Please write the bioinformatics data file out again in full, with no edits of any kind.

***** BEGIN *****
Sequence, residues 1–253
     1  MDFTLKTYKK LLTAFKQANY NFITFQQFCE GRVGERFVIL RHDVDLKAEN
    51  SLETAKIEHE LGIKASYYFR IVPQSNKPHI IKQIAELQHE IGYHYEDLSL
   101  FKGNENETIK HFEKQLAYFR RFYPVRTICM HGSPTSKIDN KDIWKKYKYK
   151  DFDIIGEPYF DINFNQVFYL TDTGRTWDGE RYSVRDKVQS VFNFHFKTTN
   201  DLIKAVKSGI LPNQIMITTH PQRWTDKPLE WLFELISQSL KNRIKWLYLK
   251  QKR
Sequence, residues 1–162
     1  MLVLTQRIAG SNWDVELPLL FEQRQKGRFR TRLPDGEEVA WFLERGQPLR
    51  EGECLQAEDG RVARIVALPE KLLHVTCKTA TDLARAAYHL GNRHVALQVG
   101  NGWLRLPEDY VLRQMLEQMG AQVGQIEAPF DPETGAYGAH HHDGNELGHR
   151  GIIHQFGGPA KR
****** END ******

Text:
Sequence, residues 1–253
     1  MDFTLKTYKK LLTAFKQANY NFITFQQFCE GRVGERFVIL RHDVDLKAEN
    51  SLETAKIEHE LGIKASYYFR IVPQSNKPHI IKQIAELQHE IGYHYEDLSL
   101  FKGNENETIK HFEKQLAYFR RFYPVRTICM HGSPTSKIDN KDIWKKYKYK
   151  DFDIIGEPYF DINFNQVFYL TDTGRTWDGE RYSVRDKVQS VFNFHFKTTN
   201  DLIKAVKSGI LPNQIMITTH PQRWTDKPLE WLFELISQSL KNRIKWLYLK
   251  QKR
Sequence, residues 1–162
     1  MLVLTQRIAG SNWDVELPLL FEQRQKGRFR TRLPDGEEVA WFLERGQPLR
    51  EGECLQAEDG RVARIVALPE KLLHVTCKTA TDLARAAYHL GNRHVALQVG
   101  NGWLRLPEDY VLRQMLEQMG AQVGQIEAPF DPETGAYGAH HHDGNELGHR
   151  GIIHQFGGPA KR